By Emily Crowe
CMI staff writer
With more than 4 inches of rain in June and July, even dryland farmers have a reason to be optimistic.
“Most fields you drive by are in a lot better shape than we’ve seen in several years,” said Patrick Kircher, Roosevelt County Extension Office ag agent. “Any rain from above does a lot more good than anything you can pump out of the ground.”
“There’s some dryland crops out there this year where we haven’t had any in the last couple years,” he said.
Dryland crops, which include mostly sorghum and cotton, rely solely on rainfall.
According to National Weather Service meteorologist Christopher Luckett, eastern New Mexico is still considered to be in a drought, with most of Curry County in exceptional drought status. The majority of Roosevelt County sits in extreme drought status.
The current drought is marked by multiple years of below-normal precipitation, and even with recent rains, the first part of the year’s precipitation levels were far below normal.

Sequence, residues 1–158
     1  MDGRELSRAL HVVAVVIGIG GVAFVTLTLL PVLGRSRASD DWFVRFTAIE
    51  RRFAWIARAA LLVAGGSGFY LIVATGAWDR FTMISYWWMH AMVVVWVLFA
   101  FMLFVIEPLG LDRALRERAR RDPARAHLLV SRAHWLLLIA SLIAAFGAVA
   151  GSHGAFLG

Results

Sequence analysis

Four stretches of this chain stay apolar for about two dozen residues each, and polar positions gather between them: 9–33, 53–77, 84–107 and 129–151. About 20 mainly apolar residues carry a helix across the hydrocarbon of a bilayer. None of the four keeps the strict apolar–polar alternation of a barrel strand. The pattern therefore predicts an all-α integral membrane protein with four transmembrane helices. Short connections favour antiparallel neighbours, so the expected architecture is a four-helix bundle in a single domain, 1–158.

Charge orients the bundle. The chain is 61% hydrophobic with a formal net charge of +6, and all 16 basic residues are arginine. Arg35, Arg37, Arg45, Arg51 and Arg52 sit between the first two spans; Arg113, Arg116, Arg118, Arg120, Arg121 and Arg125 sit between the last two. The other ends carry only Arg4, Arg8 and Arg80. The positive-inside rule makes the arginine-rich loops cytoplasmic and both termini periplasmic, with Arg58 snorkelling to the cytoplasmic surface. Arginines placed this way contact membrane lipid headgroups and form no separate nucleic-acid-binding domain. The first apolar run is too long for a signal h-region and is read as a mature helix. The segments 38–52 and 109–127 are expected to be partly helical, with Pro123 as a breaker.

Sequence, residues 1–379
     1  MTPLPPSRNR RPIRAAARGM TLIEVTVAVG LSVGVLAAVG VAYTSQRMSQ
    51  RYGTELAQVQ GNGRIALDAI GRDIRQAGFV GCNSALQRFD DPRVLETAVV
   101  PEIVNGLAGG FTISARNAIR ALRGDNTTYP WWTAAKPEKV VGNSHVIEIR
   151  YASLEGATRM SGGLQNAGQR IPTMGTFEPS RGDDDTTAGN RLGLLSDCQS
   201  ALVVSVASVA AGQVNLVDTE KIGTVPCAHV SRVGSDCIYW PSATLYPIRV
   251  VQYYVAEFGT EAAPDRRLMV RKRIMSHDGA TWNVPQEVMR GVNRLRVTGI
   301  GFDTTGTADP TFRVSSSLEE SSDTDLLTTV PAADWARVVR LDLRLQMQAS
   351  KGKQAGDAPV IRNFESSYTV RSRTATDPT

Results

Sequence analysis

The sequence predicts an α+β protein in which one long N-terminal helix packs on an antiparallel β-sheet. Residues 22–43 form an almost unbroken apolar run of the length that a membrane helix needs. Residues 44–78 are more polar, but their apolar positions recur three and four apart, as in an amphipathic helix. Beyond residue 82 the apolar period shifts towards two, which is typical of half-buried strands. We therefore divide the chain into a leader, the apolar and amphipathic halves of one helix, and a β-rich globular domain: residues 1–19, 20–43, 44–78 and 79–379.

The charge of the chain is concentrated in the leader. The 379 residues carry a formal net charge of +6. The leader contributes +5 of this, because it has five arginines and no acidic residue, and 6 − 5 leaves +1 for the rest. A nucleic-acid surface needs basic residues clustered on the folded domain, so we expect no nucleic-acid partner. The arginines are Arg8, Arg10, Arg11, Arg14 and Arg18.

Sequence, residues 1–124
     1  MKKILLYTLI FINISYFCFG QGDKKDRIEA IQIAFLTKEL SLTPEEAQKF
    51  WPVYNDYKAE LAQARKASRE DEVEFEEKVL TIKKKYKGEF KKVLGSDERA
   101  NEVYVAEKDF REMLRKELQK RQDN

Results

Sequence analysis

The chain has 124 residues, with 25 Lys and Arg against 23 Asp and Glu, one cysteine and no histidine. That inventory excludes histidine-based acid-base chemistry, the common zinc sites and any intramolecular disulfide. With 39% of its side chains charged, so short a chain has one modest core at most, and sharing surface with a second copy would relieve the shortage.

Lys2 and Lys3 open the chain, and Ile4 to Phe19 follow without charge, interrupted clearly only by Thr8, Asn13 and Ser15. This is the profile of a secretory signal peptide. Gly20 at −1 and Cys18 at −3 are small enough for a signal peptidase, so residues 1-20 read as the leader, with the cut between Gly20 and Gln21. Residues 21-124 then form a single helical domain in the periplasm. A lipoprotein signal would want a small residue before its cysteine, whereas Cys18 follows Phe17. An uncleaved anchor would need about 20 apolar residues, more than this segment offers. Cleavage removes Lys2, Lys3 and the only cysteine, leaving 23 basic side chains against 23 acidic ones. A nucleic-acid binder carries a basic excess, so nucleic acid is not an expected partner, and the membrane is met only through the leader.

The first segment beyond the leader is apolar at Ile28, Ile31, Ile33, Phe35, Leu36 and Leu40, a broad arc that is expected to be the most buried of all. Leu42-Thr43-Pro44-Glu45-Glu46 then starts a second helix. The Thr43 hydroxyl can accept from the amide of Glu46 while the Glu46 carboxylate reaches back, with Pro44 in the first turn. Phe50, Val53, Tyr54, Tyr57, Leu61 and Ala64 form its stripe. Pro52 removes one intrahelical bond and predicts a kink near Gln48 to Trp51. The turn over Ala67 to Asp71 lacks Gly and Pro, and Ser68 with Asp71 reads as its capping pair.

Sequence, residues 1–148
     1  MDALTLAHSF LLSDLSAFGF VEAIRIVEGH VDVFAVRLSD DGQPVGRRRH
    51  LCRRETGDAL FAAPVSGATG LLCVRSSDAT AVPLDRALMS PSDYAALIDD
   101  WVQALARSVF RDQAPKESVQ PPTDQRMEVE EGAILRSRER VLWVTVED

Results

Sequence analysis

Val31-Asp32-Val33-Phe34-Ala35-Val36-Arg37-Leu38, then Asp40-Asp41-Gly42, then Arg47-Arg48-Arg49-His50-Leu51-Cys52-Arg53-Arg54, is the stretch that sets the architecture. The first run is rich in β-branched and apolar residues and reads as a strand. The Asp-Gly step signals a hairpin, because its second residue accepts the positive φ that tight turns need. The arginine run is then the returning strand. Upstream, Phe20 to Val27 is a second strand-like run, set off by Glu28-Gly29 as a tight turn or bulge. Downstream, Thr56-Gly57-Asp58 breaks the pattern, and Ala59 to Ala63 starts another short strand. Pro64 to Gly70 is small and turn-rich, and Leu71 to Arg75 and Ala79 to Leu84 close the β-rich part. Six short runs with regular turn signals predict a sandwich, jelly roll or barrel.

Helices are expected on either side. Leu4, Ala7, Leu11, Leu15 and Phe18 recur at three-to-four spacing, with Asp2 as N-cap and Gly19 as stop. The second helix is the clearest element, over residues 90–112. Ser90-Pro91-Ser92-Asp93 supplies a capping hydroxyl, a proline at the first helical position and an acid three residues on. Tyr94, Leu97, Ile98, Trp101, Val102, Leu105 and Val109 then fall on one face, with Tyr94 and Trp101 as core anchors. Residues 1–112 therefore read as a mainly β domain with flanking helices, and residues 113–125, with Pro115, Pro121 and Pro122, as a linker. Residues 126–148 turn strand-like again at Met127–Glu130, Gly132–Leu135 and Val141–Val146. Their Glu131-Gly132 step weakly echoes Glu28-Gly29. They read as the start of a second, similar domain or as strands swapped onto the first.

Year-to-date, Clovis has received 6.69 inches of rain. On average, Clovis receives 9.81 inches of rain between January and the end of July, and 17.76 inches of rain annually.
“To get out of the drought criteria, we’re definitely going to need more rain,” Luckett said. “The process is pretty slow.”
Kircher also said the last few weeks of rain will also help farmers during the upcoming wheat crop planting at the end of September, especially if people can control their weed population and not let them rob the moisture out of the ground.
There is a slight chance of rain for eastern New Mexico the end of the month, Luckett said, though most of the rain will be focused on the central and western parts of the state.
Clovis rainfall amounts for 2013
June: 1.67 inches
July: 2.43 inches
Clovis rainfall amounts for 2012
June: 1.51 inches
July: 0.50 inches
Average annual rainfall: 17.76 inches
Source: National Weather Service